But let’s bring this back to me, as this is Haut Takes. My itinerary took me first from the gates of Hell described above to the fair city of St. Louis. Upon arrival, I realized that this was the first city between the two coasts I had touched down in (besides Denver and New Orleans- but I’ve been told those don’t actually count) in probably five years. I was immediately proud of myself for skirting the ominous label of “coastal elite”. This pride was fleeting. I began to notice that the airport patrons who noticed me at all, were shooting me looks of both confusion and horror. I realized that in my stumbling AM stupor I had worn this Supreme tee that prominently features the refracted faces of screaming nuns who appear to be suffering torture by melting. On the streets of Brooklyn, this is considered “cool streetwear”, its irreverence “ironic”. Not so in St. Louis. I was an interloper in middle America and my shirt an affront to its way of life. I was obviously cast as a tone-deaf, diehard Hillary fangirl similar to those who invaded the Midwest to stump for our lady just a year ago, our eyes glittering with the ignorant, hopeful certainty unique to the aforementioned “costal elite”. The looks (and some whispered benedictions) continued through my 2.5 hour layover and my four hour flight to San Diego. I eventually buttoned my acid-washed jean jacket over the melting nuns and covered the “NYC votes” sticker on the back of my iPhone in order to avoid total insurrection. Oops.
This four hours of judgment in the sky landed me in sunny San Diego where literally everyone is smiling (I would smile all the time too if clouds were merely a coy suggestion that surfaced every 6-8 weeks and humidity was never a factor in managing my Jew curls). There were at least SIX filtered water stations in my immediate eye line. Damn. The first overhead announcement was from the cheery voice of an angel advertising an abandoned hoodie that was “folded and secured” at baggage claim waiting for its rightful owner. While my natural cynicism would dismiss this overture as bizarre, this lady on vacation embraced it- and the SoCal lifestyle-wholeheartedly. Within an hour I was greeting strangers on the street while eating an acai bowl and thinking things like, “humanity is amazing”.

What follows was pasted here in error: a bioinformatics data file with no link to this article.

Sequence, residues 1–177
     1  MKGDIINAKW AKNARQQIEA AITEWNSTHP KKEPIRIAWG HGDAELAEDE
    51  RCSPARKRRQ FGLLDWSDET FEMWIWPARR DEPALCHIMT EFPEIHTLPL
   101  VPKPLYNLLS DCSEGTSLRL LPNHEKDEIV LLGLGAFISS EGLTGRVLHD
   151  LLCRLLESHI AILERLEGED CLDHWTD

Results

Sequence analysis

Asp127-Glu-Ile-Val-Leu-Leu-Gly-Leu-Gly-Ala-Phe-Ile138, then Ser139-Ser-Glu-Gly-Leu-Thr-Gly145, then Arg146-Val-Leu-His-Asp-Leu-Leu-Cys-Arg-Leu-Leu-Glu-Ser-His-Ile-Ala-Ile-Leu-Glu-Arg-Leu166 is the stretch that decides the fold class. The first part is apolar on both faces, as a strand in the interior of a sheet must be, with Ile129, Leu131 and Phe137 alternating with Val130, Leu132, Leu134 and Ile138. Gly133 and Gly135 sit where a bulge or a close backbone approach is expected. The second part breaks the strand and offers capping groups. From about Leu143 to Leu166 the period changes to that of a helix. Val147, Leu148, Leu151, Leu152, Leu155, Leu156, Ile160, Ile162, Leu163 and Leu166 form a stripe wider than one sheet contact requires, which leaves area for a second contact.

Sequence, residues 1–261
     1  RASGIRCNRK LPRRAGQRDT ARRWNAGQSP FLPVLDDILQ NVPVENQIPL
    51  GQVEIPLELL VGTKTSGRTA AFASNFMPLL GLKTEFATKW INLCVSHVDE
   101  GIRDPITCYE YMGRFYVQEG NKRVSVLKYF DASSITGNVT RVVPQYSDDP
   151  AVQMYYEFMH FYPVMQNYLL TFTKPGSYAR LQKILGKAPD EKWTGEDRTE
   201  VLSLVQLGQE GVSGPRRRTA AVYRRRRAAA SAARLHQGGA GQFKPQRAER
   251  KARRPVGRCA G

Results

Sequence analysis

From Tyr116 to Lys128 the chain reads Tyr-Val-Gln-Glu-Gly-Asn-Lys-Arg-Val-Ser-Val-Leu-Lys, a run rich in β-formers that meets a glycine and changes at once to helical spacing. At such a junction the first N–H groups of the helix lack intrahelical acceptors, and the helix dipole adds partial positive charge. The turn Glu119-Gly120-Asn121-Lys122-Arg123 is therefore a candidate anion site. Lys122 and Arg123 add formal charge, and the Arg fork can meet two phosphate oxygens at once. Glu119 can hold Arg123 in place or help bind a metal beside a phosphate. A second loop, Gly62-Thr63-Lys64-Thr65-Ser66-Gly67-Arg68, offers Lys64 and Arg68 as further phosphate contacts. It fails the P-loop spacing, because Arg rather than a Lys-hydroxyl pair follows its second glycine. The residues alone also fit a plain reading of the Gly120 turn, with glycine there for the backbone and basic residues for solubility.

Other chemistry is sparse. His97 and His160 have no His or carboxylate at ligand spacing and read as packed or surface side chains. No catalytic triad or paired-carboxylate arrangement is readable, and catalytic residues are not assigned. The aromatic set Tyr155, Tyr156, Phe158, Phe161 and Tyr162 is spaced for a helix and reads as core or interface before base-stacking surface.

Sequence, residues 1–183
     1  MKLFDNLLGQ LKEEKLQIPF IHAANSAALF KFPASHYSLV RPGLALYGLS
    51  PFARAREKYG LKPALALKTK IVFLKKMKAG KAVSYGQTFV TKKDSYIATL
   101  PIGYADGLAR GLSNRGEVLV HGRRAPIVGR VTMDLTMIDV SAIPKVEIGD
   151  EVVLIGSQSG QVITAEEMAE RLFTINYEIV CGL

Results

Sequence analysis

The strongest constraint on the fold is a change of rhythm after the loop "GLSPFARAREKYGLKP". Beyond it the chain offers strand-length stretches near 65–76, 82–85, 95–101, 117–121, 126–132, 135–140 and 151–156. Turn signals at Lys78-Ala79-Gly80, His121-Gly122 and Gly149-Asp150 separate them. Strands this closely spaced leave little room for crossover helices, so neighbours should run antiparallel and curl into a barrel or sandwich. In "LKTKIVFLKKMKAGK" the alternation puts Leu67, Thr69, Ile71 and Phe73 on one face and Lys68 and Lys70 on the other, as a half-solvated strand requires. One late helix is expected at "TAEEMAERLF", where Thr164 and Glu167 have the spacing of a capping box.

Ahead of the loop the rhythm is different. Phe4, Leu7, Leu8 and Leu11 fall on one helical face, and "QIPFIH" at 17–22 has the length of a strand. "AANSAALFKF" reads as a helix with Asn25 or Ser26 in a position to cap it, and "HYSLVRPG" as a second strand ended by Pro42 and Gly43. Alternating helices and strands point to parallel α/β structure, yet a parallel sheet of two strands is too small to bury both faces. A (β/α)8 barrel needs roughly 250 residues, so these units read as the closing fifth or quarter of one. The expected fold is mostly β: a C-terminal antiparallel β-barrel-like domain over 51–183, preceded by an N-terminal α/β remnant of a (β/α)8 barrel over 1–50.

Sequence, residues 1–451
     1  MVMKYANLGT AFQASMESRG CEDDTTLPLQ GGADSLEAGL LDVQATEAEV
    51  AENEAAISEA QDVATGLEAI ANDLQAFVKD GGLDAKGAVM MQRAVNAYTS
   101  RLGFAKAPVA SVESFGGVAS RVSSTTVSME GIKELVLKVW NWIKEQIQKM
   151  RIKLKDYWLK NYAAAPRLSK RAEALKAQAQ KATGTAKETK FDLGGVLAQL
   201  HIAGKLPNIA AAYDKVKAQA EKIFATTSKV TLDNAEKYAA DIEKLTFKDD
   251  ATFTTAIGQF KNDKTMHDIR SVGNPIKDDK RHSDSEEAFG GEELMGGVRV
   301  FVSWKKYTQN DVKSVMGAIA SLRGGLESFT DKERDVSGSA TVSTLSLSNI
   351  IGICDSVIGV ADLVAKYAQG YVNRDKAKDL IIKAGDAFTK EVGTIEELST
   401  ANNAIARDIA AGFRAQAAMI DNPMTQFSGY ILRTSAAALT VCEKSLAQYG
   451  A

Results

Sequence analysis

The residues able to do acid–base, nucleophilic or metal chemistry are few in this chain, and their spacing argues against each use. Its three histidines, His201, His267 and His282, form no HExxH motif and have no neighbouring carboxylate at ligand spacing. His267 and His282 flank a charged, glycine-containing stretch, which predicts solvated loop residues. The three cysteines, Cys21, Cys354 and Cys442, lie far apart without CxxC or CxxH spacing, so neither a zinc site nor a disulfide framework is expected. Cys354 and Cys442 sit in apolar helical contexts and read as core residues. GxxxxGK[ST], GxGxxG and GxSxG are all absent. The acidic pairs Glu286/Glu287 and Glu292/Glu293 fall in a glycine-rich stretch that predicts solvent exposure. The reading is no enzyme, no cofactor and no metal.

While I’m incredibly sad that my weekend in a suspended, sunny reality has come to a close, I am never regretful to return to the frenetic, nun-shirt appreciating city I call my home. I guess some labels are meant to stick.
I. A Note on the Newsletter: Thank you for subscribing! The reception has been unexpected and heartening. It is always daunting to start a new project and then immediately put it in front of the eyes of many people you love and respect. This has given me an outlet to flex my atrophied writing muscles, indulge my interests and stimulate my intellect. I also now understand the term “24-hour news cycle” in a completely personal way. The tricky part about producing a weekly newsletter is that news and content moves so damn fast. As a result, I know a lot of you are probably already well informed on the topics covered in Haut Takes. As a result, I am going to try to cover topics from fresh angles and experiment with format. Send feedback! And please forward!